I received a great email this past weekend from a woman I had not heard from in quite a while. Rosie was updating me about her dog, Carlton, whom I had rehomed to her. Her note ended, “I can't thank you enough for giving me the most wonderful and loving dog in the world. He makes me smile EVERY day. He makes friends everywhere we go. We are very happy together. Thank you, thank you, THANK YOU!!!”
Yes, I had to rehome a dog once—and it was a difficult decision
Was it Rocco, my hard-driving, multiple-trigger, behaviorally imbalanced pup? Or Carlton—the kindest, most behaviorally sound, sweet, lovely chow mix we had ever met? As hard as it was, it was clear that Carl, who was challenged by our Jack Russell terriers, could live a better life if he were not in our home.
Rosie heard about Carlton and came to visit. Her eyes lit up when she saw him, and she immediately dropped onto the floor and buried her head into Carl’s big, soft head and kissed him. He melted into her lap and we knew Carlton had just met his new mom. Rosie still sends me pictures of Carlton, who she takes to work daily in her job as a therapist for children. Rehoming Carlton made at least 3 hearts bigger.
Recently a question came to the ASPCA R&D team, asking us what is considered a good return rate. Boy, did that question open a can of worms… and brought back memories of my adopted Carlton. Did I skew the shelter data by rehoming instead of returning him? Our team had a great, juicy conversation about returns, and I thought you might like to join in.
Just because a dog or cat is not returned, that does not mean he stayed in the adopter’s home
Data from American Pet Products Association and other resources shows that many people obtain their pets from friends and neighbors, which suggests dogs and cats are likely being rehomed at a fairly significant rate without ever entering the shelter system. A report by American Humane also showed that a minimum of 10% of adopted pets are not staying in the adoptive home. And, of course, there is the story of Carlton (and I suspect many of you have your own stories, too)…
5 possible reasons for a low return rate
What does a low return rate mean anyway? Here are some of our thoughts as to what it could mean—and I would love to hear what you would add:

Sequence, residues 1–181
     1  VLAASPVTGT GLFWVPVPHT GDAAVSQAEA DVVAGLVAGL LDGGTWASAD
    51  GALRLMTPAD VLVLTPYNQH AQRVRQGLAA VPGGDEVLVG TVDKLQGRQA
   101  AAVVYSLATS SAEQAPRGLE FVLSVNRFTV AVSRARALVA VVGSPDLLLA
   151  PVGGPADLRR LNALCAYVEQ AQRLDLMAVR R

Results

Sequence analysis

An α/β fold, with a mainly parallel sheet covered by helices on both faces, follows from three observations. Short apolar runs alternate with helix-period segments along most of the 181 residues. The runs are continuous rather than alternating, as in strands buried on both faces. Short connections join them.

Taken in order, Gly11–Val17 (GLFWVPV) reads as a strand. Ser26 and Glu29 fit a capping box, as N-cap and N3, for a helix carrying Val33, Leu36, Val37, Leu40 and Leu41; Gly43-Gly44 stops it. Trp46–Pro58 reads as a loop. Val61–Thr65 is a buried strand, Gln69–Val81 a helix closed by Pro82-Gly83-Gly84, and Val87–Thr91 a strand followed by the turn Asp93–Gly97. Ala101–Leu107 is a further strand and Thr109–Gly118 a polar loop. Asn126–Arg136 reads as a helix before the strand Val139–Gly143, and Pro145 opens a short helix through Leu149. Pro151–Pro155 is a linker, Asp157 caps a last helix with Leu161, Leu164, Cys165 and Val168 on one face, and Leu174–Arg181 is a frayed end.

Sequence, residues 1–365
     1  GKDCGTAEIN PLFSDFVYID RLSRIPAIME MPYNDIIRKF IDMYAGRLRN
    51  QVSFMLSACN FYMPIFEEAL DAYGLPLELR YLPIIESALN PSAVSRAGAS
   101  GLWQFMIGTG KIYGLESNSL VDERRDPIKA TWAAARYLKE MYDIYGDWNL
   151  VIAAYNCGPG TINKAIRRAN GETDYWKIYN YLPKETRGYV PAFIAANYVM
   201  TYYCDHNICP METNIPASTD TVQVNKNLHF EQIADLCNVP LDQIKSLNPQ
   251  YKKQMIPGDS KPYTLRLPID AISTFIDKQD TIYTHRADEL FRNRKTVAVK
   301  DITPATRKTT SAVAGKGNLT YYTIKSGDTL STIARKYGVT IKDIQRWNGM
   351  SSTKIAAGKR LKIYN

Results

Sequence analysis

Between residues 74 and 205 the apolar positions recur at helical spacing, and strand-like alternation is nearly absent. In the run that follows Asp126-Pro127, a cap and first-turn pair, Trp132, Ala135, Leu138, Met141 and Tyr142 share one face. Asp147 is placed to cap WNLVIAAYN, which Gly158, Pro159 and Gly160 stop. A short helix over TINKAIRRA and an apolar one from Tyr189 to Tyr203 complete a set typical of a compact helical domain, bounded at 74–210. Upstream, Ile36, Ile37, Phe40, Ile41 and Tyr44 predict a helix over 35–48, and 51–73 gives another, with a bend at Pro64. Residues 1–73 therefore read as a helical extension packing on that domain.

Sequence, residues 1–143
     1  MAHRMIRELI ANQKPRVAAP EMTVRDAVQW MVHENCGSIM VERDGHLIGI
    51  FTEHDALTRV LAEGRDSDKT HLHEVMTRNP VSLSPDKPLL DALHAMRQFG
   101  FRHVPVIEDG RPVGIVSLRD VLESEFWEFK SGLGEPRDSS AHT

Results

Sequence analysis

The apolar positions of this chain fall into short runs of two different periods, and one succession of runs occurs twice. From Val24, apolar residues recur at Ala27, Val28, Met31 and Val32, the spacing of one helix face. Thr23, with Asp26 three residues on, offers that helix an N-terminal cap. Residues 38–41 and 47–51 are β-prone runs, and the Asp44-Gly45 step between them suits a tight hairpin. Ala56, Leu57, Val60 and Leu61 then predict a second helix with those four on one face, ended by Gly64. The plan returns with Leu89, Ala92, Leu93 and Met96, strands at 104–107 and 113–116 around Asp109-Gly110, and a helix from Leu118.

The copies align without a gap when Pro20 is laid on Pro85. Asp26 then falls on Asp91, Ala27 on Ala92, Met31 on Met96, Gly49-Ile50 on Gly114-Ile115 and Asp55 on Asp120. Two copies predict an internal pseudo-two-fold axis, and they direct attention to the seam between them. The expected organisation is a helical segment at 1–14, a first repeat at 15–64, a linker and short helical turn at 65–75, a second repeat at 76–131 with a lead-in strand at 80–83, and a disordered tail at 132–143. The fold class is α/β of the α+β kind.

- A low return rate may mean that the organization has militant adoption policies and folks are uncomfortable with how they may be perceived if they return the animal to that source, so they choose to rehome elsewhere.
- A low return rate may be due to an organization’s transparency about their shelter data (not at all a bad thing). If the shelter is up front with the adopter—letting them know that if they need to bring the animal back, that animal’s chance of leaving alive is not 100%—and the pet turns out to not be a good fit for that home, that kind adopter may find a way to rehome the pet instead.
- A low return rate may mean exceptional matching of lifestyle and expectations of the adopter to the potential pet, or exceptional communication of the ways in which the pet’s behavior may not match all of the adopter’s expectations—allowing the adopter to shift expectations and leave with realistic tools to mitigate challenges.
- A low return rate may mean exceptional follow-up post adoption to help adopters through the inevitable bumps.
- A low return rate might also mean that the organization had stressed that this must be a “forever home” throughout the adoption process. Since we know that in many cases, “a forever home” is just not realistic, these folks may opt to rehome elsewhere rather than return to the shelter where they may feel judged.
I started this blog post sharing a personal story about rehoming. I personally am a fan of those who might choose not to bring the pet back to the shelter if they need to rehome. Obviously I am a bit biased, but it has opened my mind to what return rates might tell us—and how we can best support those dogs and cats in our communities.
What might a high or low return rate mean in your community?
Emily Weiss, PhD, CAAB
ASPCA Vice President, Research & Development
Dr. Emily Weiss’ work at the ASPCA involves developing programs and processes that focus on impact on animal welfare. In her previous work as a behaviorist, she developed training programs to improve husbandry and decrease stress for many zoo animals. She has also developed assessment tools for shelter animals, including the SAFER assessment and Meet Your Match Canine-ality, Puppy-ality and Feline-ality. Dr. Weiss is co-editor of the Journal of Applied Animal Welfare Science, and has published and lectured extensively in the field of applied animal behavior.
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